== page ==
The Coca-Cola Company has made no allegation that the original 125 year old recipe was stolen or acquired by anything other than proper means.  The old recipe is not subject to trade secret protection and may be copied freely- just don’t expect to mix up a modern Coke®.  The modern recipe is still a trade secret.

— Robert J. Yarbrough, Esq.

To Hold or Not to Hold

Thursday, January 27th, 2011


A popular method for protecting and managing intellectual property (“IP”) assets — high valued assets, in particular — is to transfer them to a special company created for the purpose of creating, protecting, licensing, and monitoring, IP. Typically, a corporation may create a subsidiary to hold its IP, which it may license back to the parent and, perhaps, to third-party licensees.

Assuming that the holding company’s relationship with its parent is arms’ length and that it obeys all the appropriate corporate formalities, isolating the intellectual property protects the holding company from lawsuits against the parent, claims of the parent’s creditors, and the parent’s insolvency. It might also protect the IP from hostile takeovers of the parent company. Placing IP in a separate holding company may also provide an objective measure of its value, uncluttered by the operations of the parent. This may be of particular importance for obtaining financing and eventually selling the IP to a third party. From the income tax perspective, the Parent may deduct the royalties it pays to license the IP. Relieving itself of IP ownership may also reduce tax consequences based upon the parent’s net worth such as franchise taxes. Of equal importance is that the holding company subsidiary may not be liable for state income tax solely because it is a holding company. At the same time, the holding company is available to offer services to the parent as well as make loans and pay dividends.

Sound too good to be true? You may be right. States generally have an aversion to IP holding companies because they perform services but do not generate taxable income. Some states aggressively audit IP holding companies, hoping to “pierce the corporate veil” by proving that the holding company is the alter ego of its parent. Should the state require combined reporting for parent and sub as a result of an audit, it would eliminate the tax benefits of the arrangement altogether. North Carolina and some other states have enacted anti-passive investment company laws designed to eliminate the tax benefits of the intangible holding company. In recent years, IP holding companies have been challenged in Connecticut, Maryland, Massachusetts and New York. State legislative bodies in Connecticut, New York, Alabama, Mississippi, New Jersey, North Carolina, and Ohio have enacted so-called “Add Back” statutes. The Model Add Back statute provides that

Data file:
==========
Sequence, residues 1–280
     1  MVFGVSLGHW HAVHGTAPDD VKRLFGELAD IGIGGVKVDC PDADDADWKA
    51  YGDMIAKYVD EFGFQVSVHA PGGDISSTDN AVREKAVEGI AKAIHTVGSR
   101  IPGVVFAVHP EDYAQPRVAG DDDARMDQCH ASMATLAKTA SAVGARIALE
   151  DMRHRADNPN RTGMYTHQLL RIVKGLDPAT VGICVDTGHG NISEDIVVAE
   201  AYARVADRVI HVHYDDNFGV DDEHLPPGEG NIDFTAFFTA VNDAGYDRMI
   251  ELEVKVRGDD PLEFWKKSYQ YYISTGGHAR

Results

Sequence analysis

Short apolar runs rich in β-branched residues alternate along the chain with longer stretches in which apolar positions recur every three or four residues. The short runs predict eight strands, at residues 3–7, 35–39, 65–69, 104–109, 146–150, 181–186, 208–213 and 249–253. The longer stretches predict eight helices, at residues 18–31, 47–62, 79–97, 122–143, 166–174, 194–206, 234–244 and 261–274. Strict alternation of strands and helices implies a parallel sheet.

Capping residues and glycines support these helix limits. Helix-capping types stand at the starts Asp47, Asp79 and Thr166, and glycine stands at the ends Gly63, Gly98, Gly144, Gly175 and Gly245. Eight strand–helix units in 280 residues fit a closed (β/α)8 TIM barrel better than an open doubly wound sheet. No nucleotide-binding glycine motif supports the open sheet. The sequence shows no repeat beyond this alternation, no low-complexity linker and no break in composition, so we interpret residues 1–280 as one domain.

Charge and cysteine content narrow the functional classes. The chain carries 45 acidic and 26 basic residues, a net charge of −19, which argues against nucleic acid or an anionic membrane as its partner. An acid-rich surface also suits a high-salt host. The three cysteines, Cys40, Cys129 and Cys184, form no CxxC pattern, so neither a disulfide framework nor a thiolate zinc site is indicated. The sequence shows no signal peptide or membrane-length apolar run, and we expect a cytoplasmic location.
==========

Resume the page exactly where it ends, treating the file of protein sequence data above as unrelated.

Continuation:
For purposes of computing its net income under this chapter, a taxpayer shall add back otherwise deductible intangible expense directly or indirectly paid, accrued or incurred in connection with one or more direct or indirect transactions with one or more related members.

The bottom line is that if you believe that creating an IP holding company may be of benefit to your organization, you should be wary of the tax consequences, and plan to operate the holding company in accordance with state statutes to gain the expected benefits. Be sure to contact your tax professional as well as your lawyer to determine if having an IP holding company is right for your situation. Let us know if Lipton, Weinberger & Husick can help.

— Adam G. Garson, Esq.

The Secret of the Nooks and Crannies

Friday, August 27th, 2010

muffinTraditional methods of intellectual property protection have their limitations, particularly for protecting ideas. Patents only protect new, useful and nonobvious ideas, the details are public, and protection last only for a fixed term of 17 or 20 years years, depending upon the filing date; and trademark and copyright law do not protect ideas at all. It’s no wonder that some companies resort to the time-tested method of secrecy for protecting valuable ideas.  But secrecy may not be the best option for protecting ideas whose value derives from communicating them to the public. On the other hand, commercial recipes, formulae, and algorithms not only derive their value from confidentiality but their value may actually be enhanced by a cloak of secrecy. The “Coca-Cola” recipe is one of the best known and oldest trade secrets whose value is probably worth billions.

In a recent article in the Daily Finance website, Bruce Watson listed the 10 most valuable trade secrets today. It’s a familiar list:

1. Thomas English Muffins;

2. Coca-Cola’s secret recipe;

3. Google’s search algorithm;

4. KFC’s Fried Chicken recipe;

5. The WD-40 formulation;

6. The mechanics of how the New York Times Best Seller List is created;

7. Auto-Tune algorithms;

8. The recipe for Chartreuse;

9. The recipe for Mrs. Fields’ Chocolate Chip Cookies; and

10. Starwood Hotels’ formula for luxury service.

It’s interesting that Thomas’ English Muffins holds the number one position. A recent New York Times article described litigation between Chris Botticella — former vice president in charge of bakery at Bimbo Bakeries — and Bimbo Bakeries, the owner of the Thomas’ English muffins brand.  Apparently, Bimbo accused Botticella of stealing company secrets when he left the company in January 2010 to accept a job with rival baker, Hostess Brands. Legal documents showcased the company’s methods of maintaining the secrecy of the Thomas English muffins recipe.  Recipe manuals were referred to as “code books” and valuable information was shared on a need-to-know basis to protect it from disclosure. To quote the New York Times,